The major oceans are Pacific, Atlantic, Indian, and Artic oceans. The Pacific Ocean is the largest and deepest, and covers 50 percent of the surface area of the world's oceans. Marine environments could be classified by light and location. Inhabitants of marine zones include planktons, nektons, and benthos. Water is found everywhere on Earth and is the only known substance that can naturally exist as a gas, liquid, and a solid, within the relatively small range of temperatures and pressures found at the Earth's surface. Oceans contain nearly 98 percent of all the water on or near the surface of the Earth. The residence time of ocean water is about 37,000 years. Changes to the coastal environment occur from the movement of ocean waters against the shore. Surface ocean currents are broad, slow, drifts of surface water, set in motion by the prevailing winds, but rarely causing erosion deeper than 164-328 ft. (50-100 m.). The gases that make up the oceans were trapped within the Earth as it formed. The major trapped volatile was water; others included nitrogen and carbon (IV) oxide. Seventy-one percent of Earth's surface is covered by water, and 29 percent of the surface area is land.

As a result of different water masses, the ocean can be viewed as stratified, with layers of water extending great distances with similar temperatures, or salinities, or most of water properties. There is unequal warming of the ocean; this leads to heat transfer, changes in density, and ultimately, movement of water masses via the thermohaline circulation process. Ocean and atmosphere form a coupled system. The coupling occurs through exchange processes at the interface. Ocean and atmosphere are coupled in climate models and circulation models; the computer models become the meeting point for observations, theory, and prediction. These exchange processes determine the energy and mass budgets of the ocean. Quantities exchanged between the ocean and the atmosphere in the energy budget are radiative energy and momentum, while in the mass budget quantities include evaporation, condensation, precipitation, and river run-off. The ocean plays a role in the climate system, which is complementary, and of comparable importance to that of the atmosphere. It transports heat in amounts comparable with atmospheric transport. It absorbs and releases carbon (IV) oxide. When it is heated, the ocean responds by storing some of the heat and by increased evaporation. Because the heat is mixed for some distance by the wind, temperature rises much less than it does on dry land under the same heating conditions. The evaporation has profound effects on the atmosphere and on climate.

When the ocean is cooled, it responds by generating vertical convective motions, which resup-ply heat to the surface. Thus, the temperature drop is much less than over land under the same cooling conditions. The overall result is that for the two-thirds of the Earth's surface covered by icefree ocean, the temperature over the whole ocean ranges only from 28 degrees F (minus 2 degrees C, the freezing point of salt water) to 86 degrees F (30 degrees C), and at any one place by hardly more than 1.8 degrees F (1 degrees C) during the course of a day and 10.8 degrees (10 degrees C) during the course of a year. The relatively slow response of the ocean to heating and cooling results in the oceanic annual cycle being delayed, relative to that in continental regions.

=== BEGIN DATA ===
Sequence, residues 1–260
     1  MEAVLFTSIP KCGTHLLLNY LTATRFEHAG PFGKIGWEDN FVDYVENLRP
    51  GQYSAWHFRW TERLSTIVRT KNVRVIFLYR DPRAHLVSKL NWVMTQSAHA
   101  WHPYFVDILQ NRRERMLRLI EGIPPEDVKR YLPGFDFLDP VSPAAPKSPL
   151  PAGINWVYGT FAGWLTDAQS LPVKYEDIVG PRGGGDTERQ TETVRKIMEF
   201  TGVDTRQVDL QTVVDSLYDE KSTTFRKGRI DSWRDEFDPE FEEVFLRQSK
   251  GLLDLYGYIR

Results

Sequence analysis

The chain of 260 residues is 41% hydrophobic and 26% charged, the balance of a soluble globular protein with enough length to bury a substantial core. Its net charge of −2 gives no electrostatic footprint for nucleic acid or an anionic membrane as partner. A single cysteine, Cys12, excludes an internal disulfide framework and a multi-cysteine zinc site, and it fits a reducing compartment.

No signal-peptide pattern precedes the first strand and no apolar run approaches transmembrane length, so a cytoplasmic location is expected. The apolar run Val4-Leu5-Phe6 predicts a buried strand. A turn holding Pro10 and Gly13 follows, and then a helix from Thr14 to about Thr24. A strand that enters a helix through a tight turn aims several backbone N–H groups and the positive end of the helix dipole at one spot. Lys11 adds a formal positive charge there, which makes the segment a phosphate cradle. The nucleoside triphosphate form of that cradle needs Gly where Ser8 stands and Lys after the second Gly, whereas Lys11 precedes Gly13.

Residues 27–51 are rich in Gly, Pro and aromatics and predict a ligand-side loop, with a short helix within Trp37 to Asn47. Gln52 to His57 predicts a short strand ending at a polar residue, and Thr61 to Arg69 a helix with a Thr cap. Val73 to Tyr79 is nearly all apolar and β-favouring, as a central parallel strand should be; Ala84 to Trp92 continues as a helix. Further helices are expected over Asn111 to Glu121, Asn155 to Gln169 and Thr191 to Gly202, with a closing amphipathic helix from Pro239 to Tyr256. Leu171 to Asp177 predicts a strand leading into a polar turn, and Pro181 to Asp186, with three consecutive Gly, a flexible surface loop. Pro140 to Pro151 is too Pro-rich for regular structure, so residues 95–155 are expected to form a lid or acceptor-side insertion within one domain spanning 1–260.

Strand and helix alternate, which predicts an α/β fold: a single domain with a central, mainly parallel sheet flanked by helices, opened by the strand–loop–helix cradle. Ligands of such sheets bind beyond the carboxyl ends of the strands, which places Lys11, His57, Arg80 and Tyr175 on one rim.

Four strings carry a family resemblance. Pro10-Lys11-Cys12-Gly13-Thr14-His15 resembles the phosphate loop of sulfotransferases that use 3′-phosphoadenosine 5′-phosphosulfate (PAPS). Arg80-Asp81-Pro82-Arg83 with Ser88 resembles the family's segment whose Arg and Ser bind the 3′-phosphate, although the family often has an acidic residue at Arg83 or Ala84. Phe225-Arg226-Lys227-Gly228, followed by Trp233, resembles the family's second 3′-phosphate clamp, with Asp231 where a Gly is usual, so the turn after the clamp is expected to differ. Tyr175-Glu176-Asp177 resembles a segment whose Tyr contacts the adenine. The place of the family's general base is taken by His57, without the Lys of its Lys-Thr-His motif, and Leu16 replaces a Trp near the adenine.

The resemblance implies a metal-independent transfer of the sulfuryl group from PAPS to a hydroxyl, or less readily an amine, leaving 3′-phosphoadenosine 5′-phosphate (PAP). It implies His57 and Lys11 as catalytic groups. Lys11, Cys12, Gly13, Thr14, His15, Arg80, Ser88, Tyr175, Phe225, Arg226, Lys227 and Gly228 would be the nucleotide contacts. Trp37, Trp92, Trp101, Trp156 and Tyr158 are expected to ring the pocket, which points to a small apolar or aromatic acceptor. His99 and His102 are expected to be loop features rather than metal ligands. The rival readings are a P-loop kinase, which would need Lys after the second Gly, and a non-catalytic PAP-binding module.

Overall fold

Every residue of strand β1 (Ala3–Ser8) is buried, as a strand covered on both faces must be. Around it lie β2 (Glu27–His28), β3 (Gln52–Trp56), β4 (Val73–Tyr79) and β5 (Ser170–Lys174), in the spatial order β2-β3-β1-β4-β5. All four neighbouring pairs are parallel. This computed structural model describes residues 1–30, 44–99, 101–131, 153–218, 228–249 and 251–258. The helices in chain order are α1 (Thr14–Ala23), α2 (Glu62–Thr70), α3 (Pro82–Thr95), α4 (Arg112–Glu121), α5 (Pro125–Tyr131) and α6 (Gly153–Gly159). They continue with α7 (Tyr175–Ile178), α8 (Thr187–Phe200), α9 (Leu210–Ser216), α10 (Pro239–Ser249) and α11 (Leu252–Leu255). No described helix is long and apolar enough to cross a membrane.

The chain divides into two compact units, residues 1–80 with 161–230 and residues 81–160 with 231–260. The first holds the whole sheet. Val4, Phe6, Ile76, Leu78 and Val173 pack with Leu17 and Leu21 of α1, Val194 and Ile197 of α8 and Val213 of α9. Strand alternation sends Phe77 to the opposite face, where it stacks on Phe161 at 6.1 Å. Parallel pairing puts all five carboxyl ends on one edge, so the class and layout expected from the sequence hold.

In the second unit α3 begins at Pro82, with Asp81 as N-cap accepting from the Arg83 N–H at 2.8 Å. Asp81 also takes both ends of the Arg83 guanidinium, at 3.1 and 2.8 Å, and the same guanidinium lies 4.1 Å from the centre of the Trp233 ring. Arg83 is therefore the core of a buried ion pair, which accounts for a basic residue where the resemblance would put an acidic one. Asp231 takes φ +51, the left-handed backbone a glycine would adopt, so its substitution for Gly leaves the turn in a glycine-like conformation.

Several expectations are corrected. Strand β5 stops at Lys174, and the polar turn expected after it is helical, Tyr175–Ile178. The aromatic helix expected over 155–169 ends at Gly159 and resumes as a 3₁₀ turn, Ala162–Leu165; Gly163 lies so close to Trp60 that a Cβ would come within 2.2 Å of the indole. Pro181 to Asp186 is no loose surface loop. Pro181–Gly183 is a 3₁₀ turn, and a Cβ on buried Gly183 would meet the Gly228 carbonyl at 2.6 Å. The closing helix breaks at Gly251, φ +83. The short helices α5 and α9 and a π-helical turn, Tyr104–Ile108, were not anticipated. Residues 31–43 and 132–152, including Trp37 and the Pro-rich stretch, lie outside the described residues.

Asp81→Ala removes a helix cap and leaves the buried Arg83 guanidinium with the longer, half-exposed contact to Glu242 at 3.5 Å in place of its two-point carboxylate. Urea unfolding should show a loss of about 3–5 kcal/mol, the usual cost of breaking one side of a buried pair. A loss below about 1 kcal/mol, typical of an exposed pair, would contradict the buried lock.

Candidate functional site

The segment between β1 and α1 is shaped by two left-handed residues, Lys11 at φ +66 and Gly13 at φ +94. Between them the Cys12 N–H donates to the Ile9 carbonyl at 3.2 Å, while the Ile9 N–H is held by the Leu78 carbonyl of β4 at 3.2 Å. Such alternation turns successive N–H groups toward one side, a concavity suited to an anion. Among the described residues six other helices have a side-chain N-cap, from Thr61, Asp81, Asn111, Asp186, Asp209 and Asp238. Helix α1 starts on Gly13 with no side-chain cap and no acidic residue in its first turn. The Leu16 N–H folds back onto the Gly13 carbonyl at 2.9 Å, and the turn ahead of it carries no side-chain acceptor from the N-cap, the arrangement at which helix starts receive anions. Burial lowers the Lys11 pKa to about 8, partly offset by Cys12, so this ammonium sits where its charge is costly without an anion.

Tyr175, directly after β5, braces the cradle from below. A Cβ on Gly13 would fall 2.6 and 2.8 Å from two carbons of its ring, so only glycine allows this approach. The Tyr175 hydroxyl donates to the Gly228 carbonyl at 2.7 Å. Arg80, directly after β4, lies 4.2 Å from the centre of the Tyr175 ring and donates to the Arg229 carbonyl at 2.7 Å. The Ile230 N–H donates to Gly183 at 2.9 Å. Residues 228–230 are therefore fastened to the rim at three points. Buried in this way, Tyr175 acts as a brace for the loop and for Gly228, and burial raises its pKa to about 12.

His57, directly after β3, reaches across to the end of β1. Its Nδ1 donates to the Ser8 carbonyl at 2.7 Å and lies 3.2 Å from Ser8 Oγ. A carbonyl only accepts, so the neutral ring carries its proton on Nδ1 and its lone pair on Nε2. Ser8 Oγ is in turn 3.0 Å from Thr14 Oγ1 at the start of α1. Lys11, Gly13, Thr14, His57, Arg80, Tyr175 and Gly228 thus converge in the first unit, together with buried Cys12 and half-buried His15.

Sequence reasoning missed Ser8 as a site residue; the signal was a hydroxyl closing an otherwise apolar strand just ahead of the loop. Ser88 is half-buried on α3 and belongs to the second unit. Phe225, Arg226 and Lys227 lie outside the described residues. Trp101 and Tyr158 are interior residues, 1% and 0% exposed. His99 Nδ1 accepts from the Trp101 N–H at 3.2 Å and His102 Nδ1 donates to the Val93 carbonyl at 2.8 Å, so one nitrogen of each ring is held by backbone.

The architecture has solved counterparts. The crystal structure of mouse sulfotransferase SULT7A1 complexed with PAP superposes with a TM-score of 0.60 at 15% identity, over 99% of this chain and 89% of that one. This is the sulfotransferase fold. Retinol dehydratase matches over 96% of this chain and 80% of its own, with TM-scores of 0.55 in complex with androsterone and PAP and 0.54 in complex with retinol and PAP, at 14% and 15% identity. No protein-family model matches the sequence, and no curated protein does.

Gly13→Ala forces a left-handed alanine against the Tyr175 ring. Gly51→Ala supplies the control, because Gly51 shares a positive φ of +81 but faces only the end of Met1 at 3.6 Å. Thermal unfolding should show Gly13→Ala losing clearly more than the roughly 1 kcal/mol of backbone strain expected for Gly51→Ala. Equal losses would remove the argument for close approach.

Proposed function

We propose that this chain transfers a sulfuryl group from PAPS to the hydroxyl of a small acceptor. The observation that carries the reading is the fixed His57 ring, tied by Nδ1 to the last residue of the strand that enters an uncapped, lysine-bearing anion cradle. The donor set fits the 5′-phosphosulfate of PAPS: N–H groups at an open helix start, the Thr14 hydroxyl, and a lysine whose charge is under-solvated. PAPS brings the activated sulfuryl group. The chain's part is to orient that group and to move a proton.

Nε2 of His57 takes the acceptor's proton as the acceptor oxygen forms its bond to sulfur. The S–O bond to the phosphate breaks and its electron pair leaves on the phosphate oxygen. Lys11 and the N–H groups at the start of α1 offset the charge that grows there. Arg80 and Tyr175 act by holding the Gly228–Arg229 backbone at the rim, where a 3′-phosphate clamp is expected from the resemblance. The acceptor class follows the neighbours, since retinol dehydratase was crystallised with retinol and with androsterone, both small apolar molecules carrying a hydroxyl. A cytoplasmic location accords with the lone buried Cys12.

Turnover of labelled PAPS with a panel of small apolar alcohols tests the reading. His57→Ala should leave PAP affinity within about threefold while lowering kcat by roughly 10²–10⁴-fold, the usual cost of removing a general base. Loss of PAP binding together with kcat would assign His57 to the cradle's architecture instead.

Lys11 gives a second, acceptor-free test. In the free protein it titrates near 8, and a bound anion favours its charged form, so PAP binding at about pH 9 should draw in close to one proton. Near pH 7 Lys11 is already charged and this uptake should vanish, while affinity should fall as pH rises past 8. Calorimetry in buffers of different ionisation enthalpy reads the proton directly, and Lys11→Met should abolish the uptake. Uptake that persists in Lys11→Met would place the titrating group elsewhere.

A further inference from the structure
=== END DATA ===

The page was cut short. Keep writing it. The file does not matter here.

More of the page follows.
The ocean plays a key, but frequently understated, role in determining the Earth's climate. Indeed, any possibility of predicting the evolution of climate beyond a few weeks demands that ocean behavior also be taken into account. With respect to sensitivity and contribution to long-term climate change, there is reason to believe that the ocean is now changing, in response to climate changes over the past few hundred years. It can be expected to change further as anthropogenic influences become increasingly marked. The effect of the ocean on the atmosphere could be either to moderate or to intensify these changes; it will certainly modify them.

The oceanic environment places unique demands on instrumentation that are not easily met by standard laboratory equipment. As a consequence, the development and manufacturing of oceanographic instrumentation developed into a specialized activity. Available equipment for observing the ocean and marine life include research vessels, moorings, satellites, submersibles, towed vehicles, floats, and drifters. Reversing thermometers are used to measure hydrographic properties. Nansen and Niskin bottles, CTDs, multiple water sample devices, thermosalino-graphs, remote sensors current meters, wave measurements, tide gauges, remote sensors and shear probes are all employed for measuring the dynamic properties of the ocean. The first international organization of oceanography was created in 1902, as the International Council for the exploration of the sea.

Scientific graduates have directly applied their training in teaching positions on M.Sc and Ph.D courses, in industrial research laboratories; in government research laboratories, including the Water Boards and in environmental protection agencies. Other Oceanography graduates apply their knowledge in a wide range of jobs within business and industry and in the military. Oceanography is a relatively young discipline, shaped by a continual flow of exciting discoveries. Oceanographers continue to help us understand the precarious balance of oceans, the atmosphere, ice, solid earth, and living organ-isms—the Earth system that affects our lives and the future of our planet.

sEE ALsO: Current; Oceanic Changes; Salinity.

BIBLIOGRApHY. S.P. Lund, An Introduction to the Study of the World's Oceans (University of Southern California, 1995); M. Tomczak, The Place of Physical Oceanography in Science (University of Minnesota, 1999).

Akan Bassey Williams

Covenant University